Thinking of Disinheriting Someone? Think Again

Thinking of Disinheriting Someone? Think Again

Almost every family has at least one member that doesn’t really fit the mold, and sometimes the discrepancy is so extreme that it would be a bad idea to leave them a large inheritance. If you have a child with a drug addiction or history of gambling, for instance, you’d want to protect them from themselves even after you’re gone.  But think again before you decide to disinherit that “black sheep.”

Disinheriting a family member is more common than you may think, and it’s not reserved only for millionaires who disapprove of their child’s lifestyle. Reasons may vary; some choose to disinherit an older child because they need to reserve family resources for a disabled sibling, others want to balance out an unequal distribution of assets during their kids’ lifetimes. There can be legitimate and loving reasons to consider cutting a descendant out of a will.

Despite the justification, however, the decision to disinherit someone should not be made lightly, for several reasons.

What’s at Stake if You Decide to Disinherit?

It’s more likely that someone will contest the Will. “If the parent is adamant about not leaving anything to that child, they need to be prepared for litigation. Chances are the child will dispute the will,” says Vancouver lawyer Julia Barsel in a recent article warning against making hasty decisions to disinherit. Our Canadian neighbors have probably observed the same thing we have, namely that inequality (or perceived inequality) can lead to litigation. While contesting a living trust is considerably more difficult, expensive, and time consuming than contesting a will, unequal distribution of income may lead some family members to believe it is their only option. The estate plan, as written, denies them what they consider their rights. It’s likely they will at least try to fight for more. Even if they lose, the estate will have to expend funds for lawyers fees and court costs, and may even have its assets frozen until a resolution of the dispute.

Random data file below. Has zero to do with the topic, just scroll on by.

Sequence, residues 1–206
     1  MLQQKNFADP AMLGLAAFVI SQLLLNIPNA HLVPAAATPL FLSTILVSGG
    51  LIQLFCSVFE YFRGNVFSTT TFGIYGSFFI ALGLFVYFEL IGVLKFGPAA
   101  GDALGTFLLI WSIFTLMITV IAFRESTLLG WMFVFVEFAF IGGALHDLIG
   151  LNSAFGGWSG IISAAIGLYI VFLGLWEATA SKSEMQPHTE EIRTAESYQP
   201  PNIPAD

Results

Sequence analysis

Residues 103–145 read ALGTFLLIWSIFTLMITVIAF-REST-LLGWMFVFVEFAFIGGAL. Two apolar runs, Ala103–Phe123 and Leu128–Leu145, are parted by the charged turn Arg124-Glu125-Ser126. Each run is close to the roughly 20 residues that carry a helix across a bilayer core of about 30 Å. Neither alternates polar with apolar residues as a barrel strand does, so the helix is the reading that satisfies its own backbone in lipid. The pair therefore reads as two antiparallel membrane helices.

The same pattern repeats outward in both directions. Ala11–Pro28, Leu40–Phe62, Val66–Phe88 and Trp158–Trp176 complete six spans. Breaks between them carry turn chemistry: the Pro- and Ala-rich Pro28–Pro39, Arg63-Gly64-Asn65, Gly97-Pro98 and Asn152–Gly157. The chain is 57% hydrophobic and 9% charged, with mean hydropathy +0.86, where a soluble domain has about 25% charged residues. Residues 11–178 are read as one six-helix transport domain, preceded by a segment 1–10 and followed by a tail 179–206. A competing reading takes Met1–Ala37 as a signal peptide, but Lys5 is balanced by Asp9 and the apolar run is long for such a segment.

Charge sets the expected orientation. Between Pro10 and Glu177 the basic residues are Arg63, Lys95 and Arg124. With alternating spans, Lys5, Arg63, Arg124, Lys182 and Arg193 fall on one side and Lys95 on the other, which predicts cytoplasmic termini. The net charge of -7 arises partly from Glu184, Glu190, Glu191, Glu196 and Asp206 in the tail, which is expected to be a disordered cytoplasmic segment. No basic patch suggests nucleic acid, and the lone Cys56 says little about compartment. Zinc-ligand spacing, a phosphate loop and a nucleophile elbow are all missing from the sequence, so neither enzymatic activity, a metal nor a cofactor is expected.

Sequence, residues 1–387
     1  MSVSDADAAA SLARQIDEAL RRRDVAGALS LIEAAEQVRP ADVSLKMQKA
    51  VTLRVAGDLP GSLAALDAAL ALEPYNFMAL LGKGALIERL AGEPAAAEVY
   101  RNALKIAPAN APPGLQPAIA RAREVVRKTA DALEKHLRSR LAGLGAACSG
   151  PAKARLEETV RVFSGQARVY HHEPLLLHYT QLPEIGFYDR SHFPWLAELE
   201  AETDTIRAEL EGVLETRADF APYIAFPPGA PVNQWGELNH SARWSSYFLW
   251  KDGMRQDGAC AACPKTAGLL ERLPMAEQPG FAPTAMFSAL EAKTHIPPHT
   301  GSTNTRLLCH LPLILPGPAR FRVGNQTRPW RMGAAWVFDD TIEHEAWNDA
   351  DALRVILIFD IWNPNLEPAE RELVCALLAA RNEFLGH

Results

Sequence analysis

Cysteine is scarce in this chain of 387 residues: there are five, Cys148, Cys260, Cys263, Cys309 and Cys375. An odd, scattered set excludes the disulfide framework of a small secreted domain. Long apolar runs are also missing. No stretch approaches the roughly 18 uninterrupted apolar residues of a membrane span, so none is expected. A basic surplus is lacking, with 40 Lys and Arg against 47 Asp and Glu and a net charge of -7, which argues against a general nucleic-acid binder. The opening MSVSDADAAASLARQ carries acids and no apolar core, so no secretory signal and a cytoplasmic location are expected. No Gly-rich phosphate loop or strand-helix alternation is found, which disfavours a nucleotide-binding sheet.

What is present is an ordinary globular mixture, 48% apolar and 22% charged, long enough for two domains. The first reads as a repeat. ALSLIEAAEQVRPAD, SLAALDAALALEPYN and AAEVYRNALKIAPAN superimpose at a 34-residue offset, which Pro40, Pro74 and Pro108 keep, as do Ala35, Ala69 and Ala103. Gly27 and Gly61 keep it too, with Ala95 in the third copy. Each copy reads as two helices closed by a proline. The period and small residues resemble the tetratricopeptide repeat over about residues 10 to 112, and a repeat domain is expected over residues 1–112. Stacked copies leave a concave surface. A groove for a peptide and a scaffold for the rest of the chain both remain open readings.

It’s more likely that family harmony will be negatively affected. While it might not be surprising or unexpected, it’s still difficult to accept the cold hard truth that your own family members decided to disinherit you. Contesting the terms of distribution may not be the only way a disgruntled descendant can strike back at their family. Discord resulting from money disputes can ruin multiple relationships, and last through generations. Just take a look at some famous examples to see how money can divide a family.

It’s more likely that money will pass outside the estate. Sometimes parents make the decisions to disinherit their child in an attempt to foster self-control and independence. Yet children can be more resourceful than expected, particularly if they have siblings or cousins who have inherited what they consider their rightful share. This can create an even worse situation, where a desperate child begs his brother for assistance that the parents specifically chose to deny, or an ex-wife pressures her brother-in-law to provide for his nephew.

The problem stems from the lack of control that disinheriting creates. While you are alive, you can place conditions on your financial support that are designed to ensure the recipients of your generosity have a healthy relationship with money. After your death, however, your money no longer comes with a guiding hand and good advice.

A Better Alternative to Disinheriting

The good news is that disinheriting is not your only option. Comprehensive estate planning has many tools that have been proven to avoid common inheritance mistakes, so you can rest easy knowing that your loved ones won’t self-destruct upon your death. One popular way to continue providing guidance after your death is to set up a trust, where the inheritance you provide your descendants is managed by someone other than the recipient. Trusts are a wonderful way to leave instructions and/or restrictions on an inheritance, and are a great alternative for anyone tempted to disinherit.

Another option is to leave your “wild child” something meaningful, and insert a “No Contest Clause” that denies the inheritance to anyone who contests the will. This way, any dissatisfied heirs will have to consider whether engaging in litigation is worth the potential loss of absolutely everything. No Contest Clauses can be difficult to enforce, however, so be sure to seek professional advice before including one.

In any case, the choices you make will determine the quality of the legacy you leave behind. Let The McKenzie Law Firm help you make these difficult choices. Make an appointment to talk to us about your concerns, and hear how we can help.

Tienne McKenzie
Tienne McKenzie
tienne@themckenziefirm.com

Tienne is a paralegal specializing in estate planning.